2) The next one … Hiring City Employees -While everyone might not agree with some of the city manager’s decisions on the people she has hired for her team, these decisions are well within the scope of her role as city manager. When former city managers Steve Raper and Charles Penny were here, they both made hiring decisions about assistant city managers and department heads without consulting the city council.

3) The supposed Discrimination Law Suit- There was never a lawsuit as the newspaper’s headline alleged – the city did work out a settlement agreement with an employee, John Jesso, but there was not a lawsuit.

4) The Renovations – The council approved a budget this year that included some renovations to city hall. There has been a lot of deferred maintenance on city hall over the past years, especially during the recession, and there were repairs that needed to be done. Some of those repairs were needed in the city manager’s office and assistant manager’s offices. However, again the council does not make those decisions but would have approved overall renovations to City Hall in their 2019 Budget.

With all that said as your mayor, I have two major concerns.

1) City Employees and Moral- First, I want to assure our city employees that we expect our manager to create an employment atmosphere of collaboration and not intimidation. Each and every employee needs an opportunity for professional growth and a pathway to promotion. I am concerned that we have lost a number of employees with years of experience over the last year.

2) Has too much damage been done? I am not sure any city manager could be effective after this relentless media pressure. I believe that having the public’s trust is critical in managing the operations of the city, and when that trust is lost by employees and the public, it would be almost impossible to recover.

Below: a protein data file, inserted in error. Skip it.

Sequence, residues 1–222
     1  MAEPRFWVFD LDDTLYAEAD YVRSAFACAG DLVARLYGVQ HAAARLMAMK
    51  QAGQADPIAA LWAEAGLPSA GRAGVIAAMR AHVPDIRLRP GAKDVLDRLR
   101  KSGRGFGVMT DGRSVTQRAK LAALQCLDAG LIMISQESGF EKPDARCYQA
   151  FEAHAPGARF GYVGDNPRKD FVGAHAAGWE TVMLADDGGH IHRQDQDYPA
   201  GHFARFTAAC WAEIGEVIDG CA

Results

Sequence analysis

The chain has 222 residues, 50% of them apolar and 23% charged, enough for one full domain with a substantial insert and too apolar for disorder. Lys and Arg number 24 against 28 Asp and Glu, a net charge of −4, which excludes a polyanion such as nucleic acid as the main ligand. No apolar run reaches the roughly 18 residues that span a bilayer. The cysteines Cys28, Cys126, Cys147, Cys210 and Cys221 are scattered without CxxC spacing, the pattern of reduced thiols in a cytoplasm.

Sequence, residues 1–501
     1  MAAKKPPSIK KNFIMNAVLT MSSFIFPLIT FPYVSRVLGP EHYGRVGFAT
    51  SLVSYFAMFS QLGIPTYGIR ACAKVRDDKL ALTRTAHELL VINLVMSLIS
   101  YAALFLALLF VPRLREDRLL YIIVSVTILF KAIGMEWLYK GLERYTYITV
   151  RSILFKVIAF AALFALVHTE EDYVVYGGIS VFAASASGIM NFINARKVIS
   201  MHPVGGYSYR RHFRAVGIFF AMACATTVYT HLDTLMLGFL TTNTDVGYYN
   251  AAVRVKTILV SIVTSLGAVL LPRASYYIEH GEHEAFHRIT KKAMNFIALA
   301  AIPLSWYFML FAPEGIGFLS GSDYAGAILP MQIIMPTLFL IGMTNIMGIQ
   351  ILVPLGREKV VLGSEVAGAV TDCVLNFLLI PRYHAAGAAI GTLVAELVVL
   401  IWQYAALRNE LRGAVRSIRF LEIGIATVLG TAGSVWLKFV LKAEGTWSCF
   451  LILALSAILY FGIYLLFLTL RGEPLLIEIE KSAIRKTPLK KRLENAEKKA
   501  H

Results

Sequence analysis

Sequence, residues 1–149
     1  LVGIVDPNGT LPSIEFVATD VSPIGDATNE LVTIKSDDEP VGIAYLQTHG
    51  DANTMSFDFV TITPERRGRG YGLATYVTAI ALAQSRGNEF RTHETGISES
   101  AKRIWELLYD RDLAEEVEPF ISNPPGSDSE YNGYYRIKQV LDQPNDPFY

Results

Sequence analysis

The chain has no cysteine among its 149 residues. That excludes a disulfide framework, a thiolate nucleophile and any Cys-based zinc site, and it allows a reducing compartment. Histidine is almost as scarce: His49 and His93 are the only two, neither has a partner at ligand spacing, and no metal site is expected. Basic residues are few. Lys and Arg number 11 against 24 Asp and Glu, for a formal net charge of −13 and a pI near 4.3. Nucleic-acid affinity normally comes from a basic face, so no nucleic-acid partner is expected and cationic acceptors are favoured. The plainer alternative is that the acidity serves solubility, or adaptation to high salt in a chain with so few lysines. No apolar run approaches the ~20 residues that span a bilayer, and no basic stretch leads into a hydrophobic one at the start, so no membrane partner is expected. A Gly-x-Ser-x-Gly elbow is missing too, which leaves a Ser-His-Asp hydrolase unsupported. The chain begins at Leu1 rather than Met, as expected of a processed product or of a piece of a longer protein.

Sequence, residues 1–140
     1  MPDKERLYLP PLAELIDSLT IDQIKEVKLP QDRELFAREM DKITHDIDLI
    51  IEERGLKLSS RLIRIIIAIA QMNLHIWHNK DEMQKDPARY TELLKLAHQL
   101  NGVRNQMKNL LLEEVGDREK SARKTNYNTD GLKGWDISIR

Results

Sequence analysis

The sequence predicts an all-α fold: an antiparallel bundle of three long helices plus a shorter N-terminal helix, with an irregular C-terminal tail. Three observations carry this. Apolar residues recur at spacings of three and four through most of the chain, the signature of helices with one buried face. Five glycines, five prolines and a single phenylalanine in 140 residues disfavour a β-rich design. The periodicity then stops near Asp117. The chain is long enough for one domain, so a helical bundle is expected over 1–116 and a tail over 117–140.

My last remark has to do with all of the positive things that are happening in our community. The city, along with other economic partners, have worked hard to bring new economic development and businesses to our area. Over the last year, I have gotten many unsolicited comments from people about how positive they feel about Rocky Mount and its future – better than they have felt in many years.

Unfortunately,16 straight days of negative press and an untold number of negative social media posts cannot be good for our city. Please, for the sake of our collective growth and prosperity …. press the pause button. Take a deep breath before you speak or write. Posting negative comments about your city is NOT going to help resolve this personnel issue. But, I can predict what it WILL DO. It will make it more difficult to retain and to recruit business and families to our community.

I know these are real concerns. I am not discounting any of them or your valuable input. Know this. I am equally concerned. But going forward as your mayor and council, we have to be careful that any decisions we now make or any actions we take in regard to this matter WILL NOT put our city, your city at risk.

I thank you for your continued support, your active interest in this current process, and I hope that everyone will be patient and allow us to work through this difficult issue.

Image may contain: text

Leave a Reply

Fill in your details below or click an icon to log in: Logo

You are commenting using your account. Log Out /  Change )

Google photo

You are commenting using your Google account. Log Out /  Change )

Twitter picture

You are commenting using your Twitter account. Log Out /  Change )

Facebook photo

You are commenting using your Facebook account. Log Out /  Change )

Connecting to %s

This site uses Akismet to reduce spam. Learn how your comment data is processed.